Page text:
But less about the past, and more about the present. 'Living with the Ancients' is not an album to be taken lightly, especially if you haven't so much as heard of the genre of 'Occult Rock', but for this review, genre limits will not take place. As is interestingly obvious on their debut, the main theme recurring throughout is, well, the Occult, and theories surrounding that very term. However, 'Living with the ancients' suggests a hark back to the past, in which Blood Ceremony become their very own historians. Whereas the debut album consisted of a front cover depicting a genie of some sort hovering over an oval glass, their second full-length merely consists of each band member projected against pitch black darkness, of which the female singer seems to dominate. Not that this is to be taken as a sexist comment in any way, but when one looks at a cover such as this, the first thing they will think of is most probably 'That chick is the band'. Not that they are following some stylistic trend in the same vein as bands like Paramore and Evanescence.
It's just that, though Alia O' Brien may seem a very interesting character from this picture, her vocals don't quite make up for the hype the band have been receiving lately. In fact, she is far from the most talented of the band, vocally. However, what she lacks in vocals, she more than makes up for with the second-hand instruments that is the flute and the organ, and this is where the beautiful progression of Blood Ceremony comes in. As on their gloriously groovy debut, the use of the flute and the organ are basically apparent on each and every song.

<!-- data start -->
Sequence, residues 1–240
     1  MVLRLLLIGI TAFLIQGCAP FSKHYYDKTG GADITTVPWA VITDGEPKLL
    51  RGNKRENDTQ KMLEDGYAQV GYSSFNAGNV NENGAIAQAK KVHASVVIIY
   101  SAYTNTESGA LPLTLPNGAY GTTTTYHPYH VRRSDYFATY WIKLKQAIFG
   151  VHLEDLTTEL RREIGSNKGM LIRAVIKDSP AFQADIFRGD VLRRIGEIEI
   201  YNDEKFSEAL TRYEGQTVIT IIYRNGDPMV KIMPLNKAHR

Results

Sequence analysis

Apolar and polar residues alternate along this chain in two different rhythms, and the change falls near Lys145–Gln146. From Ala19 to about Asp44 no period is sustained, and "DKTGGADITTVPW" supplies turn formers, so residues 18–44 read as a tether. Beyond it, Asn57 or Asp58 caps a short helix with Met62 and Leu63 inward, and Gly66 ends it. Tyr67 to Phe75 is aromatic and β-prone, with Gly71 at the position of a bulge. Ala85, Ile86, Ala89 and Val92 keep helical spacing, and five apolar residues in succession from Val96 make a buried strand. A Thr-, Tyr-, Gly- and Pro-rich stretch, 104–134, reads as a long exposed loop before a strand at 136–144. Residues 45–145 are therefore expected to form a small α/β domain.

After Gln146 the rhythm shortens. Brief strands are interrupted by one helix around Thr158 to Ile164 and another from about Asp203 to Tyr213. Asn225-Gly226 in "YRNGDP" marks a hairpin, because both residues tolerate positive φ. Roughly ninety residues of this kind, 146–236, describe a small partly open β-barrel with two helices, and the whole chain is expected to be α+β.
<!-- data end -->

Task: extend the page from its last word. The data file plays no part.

However, this time round, things have become more aggressive and visceral in terms of sound and atmosphere. Even the vocalist herself, though not exactly the highlight of the debut, has obviously worked on her voice, and it shows on groove-laden anthems such as powerfully epic opener 'The Great God Pan' (referring to the Greek God Pan, known for his work with wild animals, hunting and nymphs), a tune that is the perfect opener to an album full of groove and doomy, progressive music. The guitars used here are evidently more prominent than on their debut, both Sean Kennedy and Chris Landon strumming the hell out of their respective instruments. However, this does not mean to say that the other instruments are ignored. O' Brien is a very talented organist, albeit taking a large influence from 70's Blues and Progressive Rock. It certainly shows on the one single and video of the album, 'Oliver Haddonfield', an ode to a young man, who, unsurprisingly is also in touch with spiritual and occult myseteries, judging from the lyrics that O' Brien so wonderfully brings out. 'My Demon Brother' is another prime example of how well the organ is used, and with a promising intro, the organ does not stop in its near five minutes of playing time.